With Maurkice Pouncey locked up and surpassing Alex Mack as the highest paid center in the NFL I thought it would be a good time to dissect the contracts at the top of the position and see why looking at annual value can sometimes be very misleading.
For the prior three years the Panthers’ Ryan Kalil has been the top earner at the center position. Carolina signed him to a six year contract in 2011 that would pay Kalil $49.116 million which worked out to be $8.186 million per year. It seemed like a number that would never be touched until the Jacksonville Jaguars offered Alex Mack a five year deal worth $8.4 million per year. Mack was a transition player so the Cleveland Browns matched the offer and made Mack the top paid in the game. That distinction did not last long as the Pittsburgh Steelers quickly signed Pouncey to a five year deal worth $8.827 million a season.
But numbers can sometimes be misleading and in the NFL we have to look at all kinds of aspects of a contract. To best compare apples to apples when looking at Pouncey’s contract we need to take into account the new money in the contract. This simple adjustment is made by adding Pouncey’s cash salaries in 2014 (the final year of his old contract) and 2015 (technically the first year of his new contract) and subtracting the money he was already going to earn in 2014. For Pouncey that works out to be $15,636,625. Lets look at the five year cash flows for each player.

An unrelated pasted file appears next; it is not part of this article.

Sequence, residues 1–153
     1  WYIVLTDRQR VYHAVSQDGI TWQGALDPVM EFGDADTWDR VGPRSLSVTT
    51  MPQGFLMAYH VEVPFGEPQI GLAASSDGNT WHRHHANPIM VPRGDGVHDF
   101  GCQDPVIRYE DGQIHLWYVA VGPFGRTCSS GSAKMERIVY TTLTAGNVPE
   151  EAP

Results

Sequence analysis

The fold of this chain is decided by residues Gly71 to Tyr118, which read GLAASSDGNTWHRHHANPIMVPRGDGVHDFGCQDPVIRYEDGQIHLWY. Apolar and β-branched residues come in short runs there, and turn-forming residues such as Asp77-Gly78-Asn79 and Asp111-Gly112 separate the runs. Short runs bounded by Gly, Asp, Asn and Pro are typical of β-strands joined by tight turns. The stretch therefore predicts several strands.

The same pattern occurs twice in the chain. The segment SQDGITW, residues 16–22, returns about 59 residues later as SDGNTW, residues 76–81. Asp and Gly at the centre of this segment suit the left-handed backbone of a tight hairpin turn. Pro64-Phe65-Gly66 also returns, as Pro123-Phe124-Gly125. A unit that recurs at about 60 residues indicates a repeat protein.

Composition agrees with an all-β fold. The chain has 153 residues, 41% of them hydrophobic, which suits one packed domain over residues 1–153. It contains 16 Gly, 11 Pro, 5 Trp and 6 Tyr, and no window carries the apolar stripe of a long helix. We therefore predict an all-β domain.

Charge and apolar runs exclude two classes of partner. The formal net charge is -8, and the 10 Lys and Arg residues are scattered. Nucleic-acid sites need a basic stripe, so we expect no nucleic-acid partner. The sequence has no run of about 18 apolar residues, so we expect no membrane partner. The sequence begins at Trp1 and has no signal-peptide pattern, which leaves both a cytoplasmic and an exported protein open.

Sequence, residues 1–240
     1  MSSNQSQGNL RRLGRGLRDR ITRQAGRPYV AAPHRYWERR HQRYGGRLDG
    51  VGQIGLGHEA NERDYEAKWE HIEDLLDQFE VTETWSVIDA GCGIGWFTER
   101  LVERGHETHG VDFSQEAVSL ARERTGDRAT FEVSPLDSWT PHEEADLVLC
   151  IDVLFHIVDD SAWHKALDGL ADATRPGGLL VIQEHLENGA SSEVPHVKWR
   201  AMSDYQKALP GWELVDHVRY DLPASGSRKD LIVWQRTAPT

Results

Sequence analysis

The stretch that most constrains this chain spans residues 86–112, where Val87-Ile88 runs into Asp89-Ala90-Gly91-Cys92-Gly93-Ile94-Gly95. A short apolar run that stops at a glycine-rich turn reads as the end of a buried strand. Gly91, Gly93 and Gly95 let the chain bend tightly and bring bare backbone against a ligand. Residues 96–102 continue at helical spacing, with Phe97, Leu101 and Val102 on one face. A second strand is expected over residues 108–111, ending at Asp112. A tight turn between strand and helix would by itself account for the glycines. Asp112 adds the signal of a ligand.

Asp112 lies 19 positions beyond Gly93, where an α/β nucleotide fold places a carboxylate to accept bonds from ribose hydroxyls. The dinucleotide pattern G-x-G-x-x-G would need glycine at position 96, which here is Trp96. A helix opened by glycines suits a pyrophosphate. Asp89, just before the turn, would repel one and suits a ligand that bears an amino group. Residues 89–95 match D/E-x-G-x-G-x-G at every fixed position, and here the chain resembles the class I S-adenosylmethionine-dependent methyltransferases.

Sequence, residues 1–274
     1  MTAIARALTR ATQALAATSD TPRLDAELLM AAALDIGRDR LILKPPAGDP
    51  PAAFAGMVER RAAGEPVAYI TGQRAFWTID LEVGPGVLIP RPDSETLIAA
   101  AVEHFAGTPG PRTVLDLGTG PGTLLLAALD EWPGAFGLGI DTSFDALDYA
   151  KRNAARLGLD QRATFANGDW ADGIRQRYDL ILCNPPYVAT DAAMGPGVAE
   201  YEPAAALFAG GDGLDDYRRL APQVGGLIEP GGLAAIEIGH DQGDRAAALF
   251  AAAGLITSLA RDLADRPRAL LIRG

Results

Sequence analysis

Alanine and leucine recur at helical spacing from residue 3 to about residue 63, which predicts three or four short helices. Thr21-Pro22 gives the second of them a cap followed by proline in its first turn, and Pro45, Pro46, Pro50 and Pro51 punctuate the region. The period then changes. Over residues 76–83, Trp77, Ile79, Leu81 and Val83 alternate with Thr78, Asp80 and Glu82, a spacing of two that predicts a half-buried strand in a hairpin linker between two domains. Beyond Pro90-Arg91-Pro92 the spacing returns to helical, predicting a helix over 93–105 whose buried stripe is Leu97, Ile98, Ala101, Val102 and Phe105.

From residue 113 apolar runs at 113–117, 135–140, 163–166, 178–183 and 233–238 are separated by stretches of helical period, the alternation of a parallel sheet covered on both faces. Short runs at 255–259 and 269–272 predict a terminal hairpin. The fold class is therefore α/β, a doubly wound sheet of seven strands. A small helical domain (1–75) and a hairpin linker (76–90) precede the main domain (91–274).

There are a few things we should find interesting with this chart. The first one actually concerns Mack. Despite having the highest annual valued contract for a few months, this was an inferior contract to Kalil’s through the first four years of the contract. Considering the life of an NFL player is not the longest it would be pretty easy to argue that Kalil never really lost his standing as highest paid player at the position.
Between Pouncey and Kalil the results are a bit muddles. Kalil earned more in his first year than Pouncey, but Pouncey will exceed his cash flows in year two, only to trail him again in year three. Provided Pouncey gets to year four this is where he lays claim to being the highest paid player. That’s certainly not guaranteed.